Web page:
No, there are no excuses except excuses.
Today, I walked almost a mile. Tomorrow, I’ll push it to a mile. I’ll take one of the kids to the park, circle around the neighborhood, look around at the Forest Hills neighborhood, feel the sun, listen to the cheers of the soccer kids and their families and try to saturate myself in opportunity.
Come on, Janet, this is crazy. If not now, when?
The stakes are high. I have to start caring for and about myself. I am ridiculously healthy for all the abuse I’ve given my body. I can move my legs, arms, walk, even jog a bit. Whoop! Whoop! Not everyone can. I met an athlete, Jenna, on my last camping trip. She is paralyzed from the waist down. Eight years ago, a driver hit her while she was cycling. But that didn’t stop her. Now she arm-cycles 85 miles a day as she prepares for a European cycling competition.
Arm-cycling is quadruple times harder than traditional pedaling, she said, allowing me to see her rock-hard biceps.
“How do you do it?” I asked.
“It’s in my head,” she said, tapping her temple.
“After the accident, you could have given up. What pushed you?” I asked.
“I’ve always been like this. If I got an ‘A’ on an essay at school, I told myself, ‘You can do better,’ and worked harder until I earned an A+.”
By the way, she hates to be called “inspirational”: “I didn’t sign up for that. I’m just doing my thing.”
I get it. It’s hard enough living life to also have the responsibility of being a poster child for positivity.
But I can’t help but wonder, is the drive to excel inherited, part of one’s DNA, or observed and copied?
Do I have, within me, any trace of compulsivity, grit, pure drive?
Yes, in some areas of my life, I do. When it comes to creating, cooking, celebrating. But these traits never extended to my athletic experiences; of course, I know why: I was bruised with some deep-cut comments that wounded my soul. I never felt I could measure up, be as good as so-in-so, so I quit, grew fat and jolly, trying to divert attention from my lack of confidence.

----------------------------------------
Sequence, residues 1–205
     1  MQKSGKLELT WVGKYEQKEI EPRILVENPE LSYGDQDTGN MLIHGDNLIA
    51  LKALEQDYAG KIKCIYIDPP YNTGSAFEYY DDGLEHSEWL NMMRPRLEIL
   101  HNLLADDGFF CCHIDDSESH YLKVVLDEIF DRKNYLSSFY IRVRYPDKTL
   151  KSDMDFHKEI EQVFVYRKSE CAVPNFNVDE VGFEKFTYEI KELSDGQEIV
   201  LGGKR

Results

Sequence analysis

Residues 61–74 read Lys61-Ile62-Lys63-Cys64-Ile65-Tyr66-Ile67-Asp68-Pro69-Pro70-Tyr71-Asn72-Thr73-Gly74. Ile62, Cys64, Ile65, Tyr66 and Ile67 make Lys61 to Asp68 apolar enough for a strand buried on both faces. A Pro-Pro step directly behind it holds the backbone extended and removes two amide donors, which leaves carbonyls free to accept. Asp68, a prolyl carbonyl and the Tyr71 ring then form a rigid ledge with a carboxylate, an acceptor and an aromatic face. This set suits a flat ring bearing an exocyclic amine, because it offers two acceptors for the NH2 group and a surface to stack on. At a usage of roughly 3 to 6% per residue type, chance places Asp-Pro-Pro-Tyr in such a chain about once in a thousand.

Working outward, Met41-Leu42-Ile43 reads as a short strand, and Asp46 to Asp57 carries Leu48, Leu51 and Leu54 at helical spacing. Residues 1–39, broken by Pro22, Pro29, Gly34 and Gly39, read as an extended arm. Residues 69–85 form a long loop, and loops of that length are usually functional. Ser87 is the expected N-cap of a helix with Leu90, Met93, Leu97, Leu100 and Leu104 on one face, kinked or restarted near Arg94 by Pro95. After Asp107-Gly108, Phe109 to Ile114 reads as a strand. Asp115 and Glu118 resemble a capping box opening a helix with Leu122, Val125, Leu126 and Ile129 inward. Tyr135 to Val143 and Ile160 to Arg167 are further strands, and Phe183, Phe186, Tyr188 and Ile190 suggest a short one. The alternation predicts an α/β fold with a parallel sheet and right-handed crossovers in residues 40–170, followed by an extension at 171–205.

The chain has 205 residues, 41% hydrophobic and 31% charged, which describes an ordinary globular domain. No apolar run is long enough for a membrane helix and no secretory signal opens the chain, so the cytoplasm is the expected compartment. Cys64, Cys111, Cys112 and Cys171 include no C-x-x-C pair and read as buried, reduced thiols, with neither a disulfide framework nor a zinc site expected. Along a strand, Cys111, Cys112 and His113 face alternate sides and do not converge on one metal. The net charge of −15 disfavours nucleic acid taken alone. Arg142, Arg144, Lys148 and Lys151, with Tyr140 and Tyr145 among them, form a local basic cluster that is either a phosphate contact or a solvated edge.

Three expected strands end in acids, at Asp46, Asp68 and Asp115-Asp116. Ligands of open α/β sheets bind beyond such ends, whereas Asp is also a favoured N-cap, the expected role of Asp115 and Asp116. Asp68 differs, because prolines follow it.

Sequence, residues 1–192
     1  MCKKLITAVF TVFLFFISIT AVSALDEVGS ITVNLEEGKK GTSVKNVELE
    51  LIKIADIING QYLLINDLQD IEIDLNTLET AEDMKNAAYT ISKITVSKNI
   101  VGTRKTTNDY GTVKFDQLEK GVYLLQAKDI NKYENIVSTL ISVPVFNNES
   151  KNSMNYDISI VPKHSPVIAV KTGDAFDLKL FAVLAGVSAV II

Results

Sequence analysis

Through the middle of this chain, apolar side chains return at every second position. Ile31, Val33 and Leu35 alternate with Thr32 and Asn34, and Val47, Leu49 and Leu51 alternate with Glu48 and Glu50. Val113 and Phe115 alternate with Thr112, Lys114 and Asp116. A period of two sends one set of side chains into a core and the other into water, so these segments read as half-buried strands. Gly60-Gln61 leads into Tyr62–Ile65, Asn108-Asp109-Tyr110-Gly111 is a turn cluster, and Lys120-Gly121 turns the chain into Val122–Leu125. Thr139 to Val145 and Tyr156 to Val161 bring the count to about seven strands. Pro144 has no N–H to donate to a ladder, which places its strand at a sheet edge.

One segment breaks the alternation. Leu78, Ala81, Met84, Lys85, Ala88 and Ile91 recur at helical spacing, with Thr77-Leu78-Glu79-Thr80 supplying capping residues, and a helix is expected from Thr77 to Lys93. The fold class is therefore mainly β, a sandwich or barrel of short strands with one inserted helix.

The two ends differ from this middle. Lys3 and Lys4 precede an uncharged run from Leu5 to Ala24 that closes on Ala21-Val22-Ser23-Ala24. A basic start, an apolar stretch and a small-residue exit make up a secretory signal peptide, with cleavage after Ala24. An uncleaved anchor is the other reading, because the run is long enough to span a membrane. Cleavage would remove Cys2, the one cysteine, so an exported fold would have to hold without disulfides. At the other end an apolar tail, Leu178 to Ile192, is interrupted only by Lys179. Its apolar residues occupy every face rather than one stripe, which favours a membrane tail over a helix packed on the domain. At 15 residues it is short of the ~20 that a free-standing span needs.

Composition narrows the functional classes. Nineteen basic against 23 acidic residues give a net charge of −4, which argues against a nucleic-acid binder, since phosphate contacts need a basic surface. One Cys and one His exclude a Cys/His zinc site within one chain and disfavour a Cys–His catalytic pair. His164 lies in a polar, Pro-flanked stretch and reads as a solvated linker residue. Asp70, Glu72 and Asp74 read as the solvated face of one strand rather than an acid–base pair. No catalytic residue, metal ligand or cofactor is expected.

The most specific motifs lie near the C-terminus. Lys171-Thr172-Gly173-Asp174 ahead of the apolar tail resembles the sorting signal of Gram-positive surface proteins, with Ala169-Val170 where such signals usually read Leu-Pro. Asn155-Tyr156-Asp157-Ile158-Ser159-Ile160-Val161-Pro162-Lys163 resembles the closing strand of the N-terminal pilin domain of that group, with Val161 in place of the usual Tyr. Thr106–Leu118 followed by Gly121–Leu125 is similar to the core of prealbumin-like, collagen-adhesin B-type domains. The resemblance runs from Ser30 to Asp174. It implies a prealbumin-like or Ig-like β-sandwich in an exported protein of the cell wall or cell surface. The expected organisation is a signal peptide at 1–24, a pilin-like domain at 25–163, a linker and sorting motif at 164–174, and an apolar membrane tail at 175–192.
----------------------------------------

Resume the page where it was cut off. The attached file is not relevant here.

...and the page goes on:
What could have helped, what I craved, was an atta’ girl from a supporter, sort of like the person I tried to be while standing at 96th Street and First, applauding passing marathoners, clapping and shouting, “You can do this!” as I waved my green neon sign, which read, “We are all sooooooo damn proud of you.”
As far as I could tell, there were no fashion models present, no Tic Tock, well-lit, Photoshop posers running 26.2 miles; just sweaty, exhausted, acutely focused men, women and children exuding a palpable grit that could NOT be faked.
My daughter, who ran for six grueling hours, and her peer runners who overcame their own personal challenges before and during the marathon, are a reminder that no matter one’s shape or size, we can get up, move and reset our lives. One step at a time.
This time next year, I intend to shed 25 more pounds (I lost 40 last year). I’m going to get moving every day, walking, stretching, developing a physical Action Plan. Put myself on top of the priority list. My New Year’s Eve Resolution starts today. You heard it first. Hold me to it.
I’d love to hear about your goals, suggestions, and challenges? I’ll be your atta’ girl or guy. Let’s inspire each other!